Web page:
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Polls Show GOP Base Has Impeachment Fever, Even As Party Leaders Run From It

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AP Photo / J. Scott Applewhite

House Speaker John Boehner (R-OH) said late last month that Republicans "have no future plans" to impeach President Obama, scoffing at what he described as a "scam started by Democrats at the White House" to gin up the base and raise money.

But the idea — however quixotic — clearly annoys Boehner more than the voters he hopes will turn out en masse in November.

Polls conducted last month by CNN/ORC, Fox News and Rasmussen Reports all found close to 60 percent of Republicans in favor of impeaching and removing Obama from office.

Each poll found that wide majorities of the public at large — and virtually every other demographic group — oppose impeachment.

The lack of an appetite for impeachment outside of GOP circles explains why Boehner and various conservative media luminaries have been so dismissive of the idea.

When Fox News isn't giving a platform to those who favor the course of action, its coverage of the issue has focused largely on its political incentives for Democrats.

Commentator Charles Krauthammer argued in both his syndicated column and on Fox this week that the White House is attempting to "bait" the GOP into pursuing impeachment with Obama's planned executive action on immigration.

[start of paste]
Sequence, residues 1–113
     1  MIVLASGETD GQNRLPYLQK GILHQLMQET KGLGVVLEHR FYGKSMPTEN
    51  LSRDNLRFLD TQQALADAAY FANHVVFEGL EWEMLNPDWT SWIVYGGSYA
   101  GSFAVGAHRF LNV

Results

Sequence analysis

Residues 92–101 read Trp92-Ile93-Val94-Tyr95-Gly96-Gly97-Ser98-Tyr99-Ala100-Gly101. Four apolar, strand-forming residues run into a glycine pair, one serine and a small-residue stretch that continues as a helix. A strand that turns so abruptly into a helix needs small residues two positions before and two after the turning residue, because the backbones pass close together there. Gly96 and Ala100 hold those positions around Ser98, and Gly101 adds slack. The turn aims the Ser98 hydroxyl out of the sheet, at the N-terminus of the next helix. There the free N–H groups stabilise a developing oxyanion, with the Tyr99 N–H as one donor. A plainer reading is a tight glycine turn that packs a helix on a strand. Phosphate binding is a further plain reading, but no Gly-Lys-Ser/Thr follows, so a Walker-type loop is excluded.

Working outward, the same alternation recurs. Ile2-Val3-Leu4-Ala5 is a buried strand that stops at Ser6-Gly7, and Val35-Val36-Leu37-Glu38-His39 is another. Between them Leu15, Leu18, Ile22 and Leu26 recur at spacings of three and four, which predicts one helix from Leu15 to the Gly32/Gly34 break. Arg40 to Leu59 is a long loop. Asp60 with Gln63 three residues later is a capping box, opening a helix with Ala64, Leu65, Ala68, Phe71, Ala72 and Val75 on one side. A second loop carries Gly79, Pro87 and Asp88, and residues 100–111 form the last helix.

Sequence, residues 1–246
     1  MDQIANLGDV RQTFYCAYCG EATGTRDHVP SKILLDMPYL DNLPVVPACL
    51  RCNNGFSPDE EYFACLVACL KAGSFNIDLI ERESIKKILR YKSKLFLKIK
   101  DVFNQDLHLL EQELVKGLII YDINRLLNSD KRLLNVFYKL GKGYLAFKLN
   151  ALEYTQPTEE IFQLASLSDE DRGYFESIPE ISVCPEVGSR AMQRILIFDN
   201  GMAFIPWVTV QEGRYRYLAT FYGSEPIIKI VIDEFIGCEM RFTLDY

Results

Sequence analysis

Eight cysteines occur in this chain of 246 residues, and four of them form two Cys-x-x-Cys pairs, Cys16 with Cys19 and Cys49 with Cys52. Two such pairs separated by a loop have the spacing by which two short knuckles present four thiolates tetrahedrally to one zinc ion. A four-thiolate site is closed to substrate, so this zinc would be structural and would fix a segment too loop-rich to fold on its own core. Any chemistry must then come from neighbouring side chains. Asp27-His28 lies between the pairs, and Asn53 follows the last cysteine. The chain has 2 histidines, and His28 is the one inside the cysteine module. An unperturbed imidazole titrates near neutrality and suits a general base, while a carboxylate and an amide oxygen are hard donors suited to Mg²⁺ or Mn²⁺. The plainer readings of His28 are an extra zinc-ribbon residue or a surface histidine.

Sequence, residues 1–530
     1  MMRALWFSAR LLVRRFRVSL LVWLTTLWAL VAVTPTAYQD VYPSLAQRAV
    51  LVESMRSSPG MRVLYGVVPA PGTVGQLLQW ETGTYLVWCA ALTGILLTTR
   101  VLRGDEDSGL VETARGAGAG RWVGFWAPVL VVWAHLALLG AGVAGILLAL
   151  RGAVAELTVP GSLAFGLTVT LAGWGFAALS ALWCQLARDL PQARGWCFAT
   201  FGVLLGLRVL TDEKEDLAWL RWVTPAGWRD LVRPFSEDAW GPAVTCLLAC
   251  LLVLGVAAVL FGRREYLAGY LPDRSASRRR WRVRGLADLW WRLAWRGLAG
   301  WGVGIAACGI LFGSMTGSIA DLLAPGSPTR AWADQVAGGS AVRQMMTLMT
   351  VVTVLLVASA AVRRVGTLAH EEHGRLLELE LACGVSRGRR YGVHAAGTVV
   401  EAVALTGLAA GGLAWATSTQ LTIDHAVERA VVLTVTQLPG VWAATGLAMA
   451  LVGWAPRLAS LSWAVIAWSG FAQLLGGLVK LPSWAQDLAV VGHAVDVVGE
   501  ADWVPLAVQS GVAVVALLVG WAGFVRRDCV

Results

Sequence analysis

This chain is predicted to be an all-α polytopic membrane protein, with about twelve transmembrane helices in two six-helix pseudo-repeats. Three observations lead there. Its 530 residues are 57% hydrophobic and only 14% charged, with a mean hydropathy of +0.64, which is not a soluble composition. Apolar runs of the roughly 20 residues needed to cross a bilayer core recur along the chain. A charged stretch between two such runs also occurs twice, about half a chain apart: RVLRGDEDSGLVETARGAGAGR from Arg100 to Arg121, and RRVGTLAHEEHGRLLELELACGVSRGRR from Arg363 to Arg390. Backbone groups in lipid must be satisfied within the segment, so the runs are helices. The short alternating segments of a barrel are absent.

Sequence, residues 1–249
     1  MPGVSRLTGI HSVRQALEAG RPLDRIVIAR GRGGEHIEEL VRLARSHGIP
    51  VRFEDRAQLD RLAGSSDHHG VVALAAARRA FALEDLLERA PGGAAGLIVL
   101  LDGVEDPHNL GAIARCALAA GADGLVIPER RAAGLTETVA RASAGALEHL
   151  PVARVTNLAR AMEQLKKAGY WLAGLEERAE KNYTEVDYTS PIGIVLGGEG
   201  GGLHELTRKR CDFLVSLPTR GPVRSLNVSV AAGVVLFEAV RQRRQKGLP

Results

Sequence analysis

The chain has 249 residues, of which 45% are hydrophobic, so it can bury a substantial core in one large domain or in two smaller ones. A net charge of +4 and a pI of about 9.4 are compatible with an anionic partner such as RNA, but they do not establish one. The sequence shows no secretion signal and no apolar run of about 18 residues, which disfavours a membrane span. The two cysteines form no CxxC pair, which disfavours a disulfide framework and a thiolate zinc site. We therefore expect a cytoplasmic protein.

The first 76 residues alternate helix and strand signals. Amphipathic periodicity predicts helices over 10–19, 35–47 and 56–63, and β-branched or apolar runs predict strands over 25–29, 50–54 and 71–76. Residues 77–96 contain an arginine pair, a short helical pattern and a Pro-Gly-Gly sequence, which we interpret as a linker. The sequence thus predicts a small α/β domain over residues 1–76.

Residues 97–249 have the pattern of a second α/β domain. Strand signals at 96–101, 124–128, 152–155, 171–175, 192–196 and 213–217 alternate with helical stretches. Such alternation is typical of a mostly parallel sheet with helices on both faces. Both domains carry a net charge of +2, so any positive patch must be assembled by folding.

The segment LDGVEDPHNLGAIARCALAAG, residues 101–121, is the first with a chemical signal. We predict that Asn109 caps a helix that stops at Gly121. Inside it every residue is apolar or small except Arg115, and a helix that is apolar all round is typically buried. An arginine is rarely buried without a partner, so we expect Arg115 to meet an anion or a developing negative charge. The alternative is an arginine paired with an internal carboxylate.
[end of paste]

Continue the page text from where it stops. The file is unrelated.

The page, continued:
"Such a calculation — amnesty-by-fiat to deliberately court impeachment — is breathtakingly cynical. But clever. After all, there is no danger of impeachment succeeding," Krauthammer wrote. "There will never be 67 votes in the Senate to convict. But talking it up is a political bonanza for Democrats, stirring up an otherwise listless and dispirited base. Last Monday alone the Democratic Congressional Campaign Committee raised more than $1 million from anti-impeachment direct mail."

The gang on Fox's "The Five" devoted the opening to Thursday's program to addressing Krauthammer's point.

"All it takes is one Republican to talk of impeachment," co-host Andrea Tantaros said. "That's all they really need. I mean, no one's really talking about impeachment now and the Democrats are talking about it. It does seem like a trap. It does seem like they're setting up Republicans."

It should be noted that less than an hour before Tantaros made that declaration, Fox News analyst Judge Andrew Napolitano appeared on the network to make a case for impeachment.

Still, Tantaros wasn't totally wrong — and neither were Boehner and Krauthammer.

Anyone who's on a Democratic mailing list can identify the party's playbook this summer and, according to an analysis by The Hill, Congressional Democrats have talked about Obama's impeachment 20 times more than their GOP counterparts since last year.

But the dismissal from Republican elected officials and conservative journalists might give the impression that impeachment has virtually no support in the GOP, that the mere talk of it only galvanizes the Democratic base.